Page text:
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Topical Sources of Fluoride, continued
Fluoride Gels
Professionally applied or prescribed for home use under professional supervision, fluoride gels are usually recommended for use twice per year. The Cochrane Collaboration concluded that there is a clear evidence of a caries-inhibiting effect of fluoride gels, with an average 21% reduction in decayed, missing, and filled tooth surfaces. The Centers for Disease Control and Prevention (CDC) concluded that the quality of evidence for using fluoride gel to prevent and control dental caries in children is Grade 1 and gave it a strength of recommendation of A, with targeted effort at high-risk populations.

Fluoride Varnish
Varnishes are a professionally applied, sticky resin of highly concentrated fluoride (up to 22,600 ppm). They have been used extensively in Europe, Scandinavia, and Canada as preventive intervention for dental caries. In the United States, fluoride varnish has been approved by the Food and Drug Administration for use as a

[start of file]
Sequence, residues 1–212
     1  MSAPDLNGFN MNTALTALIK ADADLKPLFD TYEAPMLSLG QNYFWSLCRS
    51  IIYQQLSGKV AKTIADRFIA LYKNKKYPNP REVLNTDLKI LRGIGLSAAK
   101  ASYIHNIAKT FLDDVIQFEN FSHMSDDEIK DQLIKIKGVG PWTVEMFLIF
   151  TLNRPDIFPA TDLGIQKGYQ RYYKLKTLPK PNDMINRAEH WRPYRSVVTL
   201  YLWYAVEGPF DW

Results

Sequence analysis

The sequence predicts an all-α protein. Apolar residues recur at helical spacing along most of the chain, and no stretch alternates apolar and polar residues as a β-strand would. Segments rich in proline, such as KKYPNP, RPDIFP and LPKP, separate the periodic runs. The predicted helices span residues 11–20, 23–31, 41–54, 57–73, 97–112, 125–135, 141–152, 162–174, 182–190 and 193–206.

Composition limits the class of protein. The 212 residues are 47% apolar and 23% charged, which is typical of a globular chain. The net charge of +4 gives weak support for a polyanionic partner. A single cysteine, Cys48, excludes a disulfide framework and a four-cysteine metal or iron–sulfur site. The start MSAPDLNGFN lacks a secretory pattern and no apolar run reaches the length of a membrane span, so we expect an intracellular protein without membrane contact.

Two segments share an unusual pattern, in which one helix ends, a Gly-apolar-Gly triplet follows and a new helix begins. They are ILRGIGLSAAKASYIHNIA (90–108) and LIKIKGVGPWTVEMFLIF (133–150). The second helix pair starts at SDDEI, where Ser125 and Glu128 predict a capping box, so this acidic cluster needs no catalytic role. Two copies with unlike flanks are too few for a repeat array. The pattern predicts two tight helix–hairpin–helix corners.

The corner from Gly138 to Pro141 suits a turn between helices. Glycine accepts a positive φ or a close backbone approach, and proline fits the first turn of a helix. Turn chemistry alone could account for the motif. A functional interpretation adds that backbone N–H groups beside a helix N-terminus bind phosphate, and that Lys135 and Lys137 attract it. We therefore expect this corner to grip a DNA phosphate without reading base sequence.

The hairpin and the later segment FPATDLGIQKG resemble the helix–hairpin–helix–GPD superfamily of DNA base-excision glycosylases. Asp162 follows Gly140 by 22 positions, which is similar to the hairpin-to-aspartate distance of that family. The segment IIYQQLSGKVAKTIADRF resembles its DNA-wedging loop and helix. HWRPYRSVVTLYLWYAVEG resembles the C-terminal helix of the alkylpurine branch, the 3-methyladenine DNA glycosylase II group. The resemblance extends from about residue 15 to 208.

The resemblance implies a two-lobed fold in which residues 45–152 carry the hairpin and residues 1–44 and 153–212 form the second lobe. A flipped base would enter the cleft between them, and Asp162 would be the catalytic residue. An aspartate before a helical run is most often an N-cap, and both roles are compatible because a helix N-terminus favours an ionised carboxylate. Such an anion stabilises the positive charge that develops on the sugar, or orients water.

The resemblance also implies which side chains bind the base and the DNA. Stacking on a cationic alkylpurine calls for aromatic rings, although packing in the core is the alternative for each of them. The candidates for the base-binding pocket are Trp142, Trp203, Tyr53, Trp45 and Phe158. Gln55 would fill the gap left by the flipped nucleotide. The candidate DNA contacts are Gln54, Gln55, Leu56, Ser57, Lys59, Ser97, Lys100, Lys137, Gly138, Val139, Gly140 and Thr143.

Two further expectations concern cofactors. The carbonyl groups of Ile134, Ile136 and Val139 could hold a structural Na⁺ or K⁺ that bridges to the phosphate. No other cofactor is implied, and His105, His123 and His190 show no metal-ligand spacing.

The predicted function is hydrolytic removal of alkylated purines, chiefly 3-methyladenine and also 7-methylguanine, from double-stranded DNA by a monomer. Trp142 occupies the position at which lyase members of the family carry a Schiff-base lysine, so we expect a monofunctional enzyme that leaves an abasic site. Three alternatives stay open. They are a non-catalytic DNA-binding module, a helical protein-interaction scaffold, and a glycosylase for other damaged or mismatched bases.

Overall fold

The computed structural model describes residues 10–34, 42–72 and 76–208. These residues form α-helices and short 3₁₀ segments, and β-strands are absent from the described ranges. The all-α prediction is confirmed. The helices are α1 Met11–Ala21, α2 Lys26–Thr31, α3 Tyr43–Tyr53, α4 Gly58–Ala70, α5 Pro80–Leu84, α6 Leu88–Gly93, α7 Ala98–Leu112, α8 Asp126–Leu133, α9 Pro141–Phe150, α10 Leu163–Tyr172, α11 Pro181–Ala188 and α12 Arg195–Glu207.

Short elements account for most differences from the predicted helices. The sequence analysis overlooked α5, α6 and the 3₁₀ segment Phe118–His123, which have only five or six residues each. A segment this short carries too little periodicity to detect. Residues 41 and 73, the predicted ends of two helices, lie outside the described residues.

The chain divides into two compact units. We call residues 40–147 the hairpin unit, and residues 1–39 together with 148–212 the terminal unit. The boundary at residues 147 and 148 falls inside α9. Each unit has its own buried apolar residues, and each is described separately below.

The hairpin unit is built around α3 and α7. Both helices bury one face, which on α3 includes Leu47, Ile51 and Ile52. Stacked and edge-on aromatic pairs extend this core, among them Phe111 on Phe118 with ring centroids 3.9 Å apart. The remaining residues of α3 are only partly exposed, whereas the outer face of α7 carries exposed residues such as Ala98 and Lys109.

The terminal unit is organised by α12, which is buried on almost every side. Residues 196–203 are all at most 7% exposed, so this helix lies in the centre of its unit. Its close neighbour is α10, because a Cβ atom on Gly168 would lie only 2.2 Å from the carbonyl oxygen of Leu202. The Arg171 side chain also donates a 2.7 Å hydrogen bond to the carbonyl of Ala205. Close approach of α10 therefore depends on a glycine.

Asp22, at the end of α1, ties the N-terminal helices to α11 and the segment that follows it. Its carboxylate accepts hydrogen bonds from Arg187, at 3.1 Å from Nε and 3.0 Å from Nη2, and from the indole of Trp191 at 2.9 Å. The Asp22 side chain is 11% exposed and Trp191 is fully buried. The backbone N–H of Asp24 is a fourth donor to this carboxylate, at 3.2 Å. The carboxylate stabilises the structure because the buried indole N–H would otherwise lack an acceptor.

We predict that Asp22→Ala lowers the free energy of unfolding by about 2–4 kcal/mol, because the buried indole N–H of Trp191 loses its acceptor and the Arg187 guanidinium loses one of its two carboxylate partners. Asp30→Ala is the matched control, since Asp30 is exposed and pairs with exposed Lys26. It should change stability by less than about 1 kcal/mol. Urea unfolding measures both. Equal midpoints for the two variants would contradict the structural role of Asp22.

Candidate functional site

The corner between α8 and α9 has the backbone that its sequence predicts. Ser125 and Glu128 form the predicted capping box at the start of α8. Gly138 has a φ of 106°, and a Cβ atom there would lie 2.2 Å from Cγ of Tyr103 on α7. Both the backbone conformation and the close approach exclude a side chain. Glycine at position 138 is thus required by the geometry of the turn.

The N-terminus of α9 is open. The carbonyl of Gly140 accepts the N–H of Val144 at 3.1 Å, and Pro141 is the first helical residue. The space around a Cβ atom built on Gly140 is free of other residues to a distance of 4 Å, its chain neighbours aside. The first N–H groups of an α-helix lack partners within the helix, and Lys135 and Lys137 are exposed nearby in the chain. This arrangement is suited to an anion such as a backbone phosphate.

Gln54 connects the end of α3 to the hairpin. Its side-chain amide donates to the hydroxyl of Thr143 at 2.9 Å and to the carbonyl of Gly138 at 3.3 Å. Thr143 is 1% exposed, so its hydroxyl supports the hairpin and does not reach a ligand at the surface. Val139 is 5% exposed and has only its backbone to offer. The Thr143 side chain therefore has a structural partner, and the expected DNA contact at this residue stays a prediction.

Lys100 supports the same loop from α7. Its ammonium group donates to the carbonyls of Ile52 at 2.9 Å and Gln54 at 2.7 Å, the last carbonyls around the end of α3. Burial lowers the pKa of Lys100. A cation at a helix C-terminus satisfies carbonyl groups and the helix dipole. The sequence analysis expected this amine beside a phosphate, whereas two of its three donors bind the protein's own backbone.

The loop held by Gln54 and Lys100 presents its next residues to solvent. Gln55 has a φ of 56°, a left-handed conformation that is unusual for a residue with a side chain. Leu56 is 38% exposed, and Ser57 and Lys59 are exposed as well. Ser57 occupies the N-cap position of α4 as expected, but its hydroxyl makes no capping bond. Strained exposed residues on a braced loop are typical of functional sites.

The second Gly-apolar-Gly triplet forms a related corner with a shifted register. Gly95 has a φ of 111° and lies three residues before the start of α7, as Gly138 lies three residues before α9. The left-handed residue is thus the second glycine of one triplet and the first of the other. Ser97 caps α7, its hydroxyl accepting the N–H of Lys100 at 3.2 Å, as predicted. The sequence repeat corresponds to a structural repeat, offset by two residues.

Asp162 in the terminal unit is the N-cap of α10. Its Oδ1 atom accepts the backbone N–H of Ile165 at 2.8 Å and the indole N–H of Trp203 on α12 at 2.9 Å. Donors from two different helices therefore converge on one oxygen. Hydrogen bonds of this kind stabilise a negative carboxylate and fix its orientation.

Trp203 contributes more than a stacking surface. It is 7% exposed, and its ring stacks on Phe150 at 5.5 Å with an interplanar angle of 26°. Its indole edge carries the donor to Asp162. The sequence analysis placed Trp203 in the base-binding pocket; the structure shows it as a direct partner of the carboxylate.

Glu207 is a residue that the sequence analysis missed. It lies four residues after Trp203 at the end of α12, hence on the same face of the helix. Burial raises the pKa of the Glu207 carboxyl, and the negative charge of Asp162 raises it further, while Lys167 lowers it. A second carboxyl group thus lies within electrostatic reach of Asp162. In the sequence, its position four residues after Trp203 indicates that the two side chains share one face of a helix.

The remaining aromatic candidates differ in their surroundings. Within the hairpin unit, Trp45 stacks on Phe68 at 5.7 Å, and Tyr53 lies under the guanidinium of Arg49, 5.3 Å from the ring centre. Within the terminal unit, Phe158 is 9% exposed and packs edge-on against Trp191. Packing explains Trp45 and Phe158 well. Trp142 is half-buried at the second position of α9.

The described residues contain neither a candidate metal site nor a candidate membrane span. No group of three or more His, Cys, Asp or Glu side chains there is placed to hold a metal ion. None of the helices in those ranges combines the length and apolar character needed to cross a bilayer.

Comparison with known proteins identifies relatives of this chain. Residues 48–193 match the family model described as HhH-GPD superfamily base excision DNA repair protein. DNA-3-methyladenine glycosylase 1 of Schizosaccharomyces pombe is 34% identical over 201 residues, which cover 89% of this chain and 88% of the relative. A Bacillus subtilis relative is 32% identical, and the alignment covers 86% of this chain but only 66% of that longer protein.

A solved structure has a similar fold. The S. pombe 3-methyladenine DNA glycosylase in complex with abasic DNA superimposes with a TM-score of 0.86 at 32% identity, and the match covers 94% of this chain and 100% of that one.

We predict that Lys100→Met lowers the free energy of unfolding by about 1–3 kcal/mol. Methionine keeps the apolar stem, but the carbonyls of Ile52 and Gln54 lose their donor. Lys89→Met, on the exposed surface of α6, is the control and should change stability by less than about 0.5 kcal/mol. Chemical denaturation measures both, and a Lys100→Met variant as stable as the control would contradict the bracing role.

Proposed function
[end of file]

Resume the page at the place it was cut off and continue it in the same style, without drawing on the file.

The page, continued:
Cavity: An area of decay in a tooth .
cavity liner and root desensitizer, but not specifically as an anticaries agent. Therefore, for caries prevention, fluoride varnish would be an “off label” product.

Application frequency ranges from 2 to 6 times per year. A number of states have decided to reimburse medical professionals for the application of fluoride varnish to children’s teeth. (Learn more.) The Cochrane Collaboration concluded that fluoride varnishes applied professionally 2 to 4 times a year would substantially reduce tooth decay in children. The use of fluoride varnish leads to an average 33% reduction in decayed, missing, and filled tooth surfaces in the primary teeth and a 46% reduction in the permanent teeth. The CDC concluded that the quality of evidence for using fluoride varnish to prevent and control dental caries in children is Grade 1 and gave it a strength of recommendation of A, with targeted effort at populations at high risk for dental caries.

Related Videos:

View CDC Grading and Coding Systems
View Quality of Evidence Table
 
 
The topical effect of fluoride is its most potent effect in caries prevention.
 
Regular use of fluoridated toothpaste is an inexpensive and effective method of preventing caries.
 
The CDC strongly recommends the use of toothpaste and fluoride mouthrinses, gels, and varnishes in children.
 
Fluoride gels and varnishes are applied by a dental or medical professional in the office.
View the Chapter 6 Photo Gallery.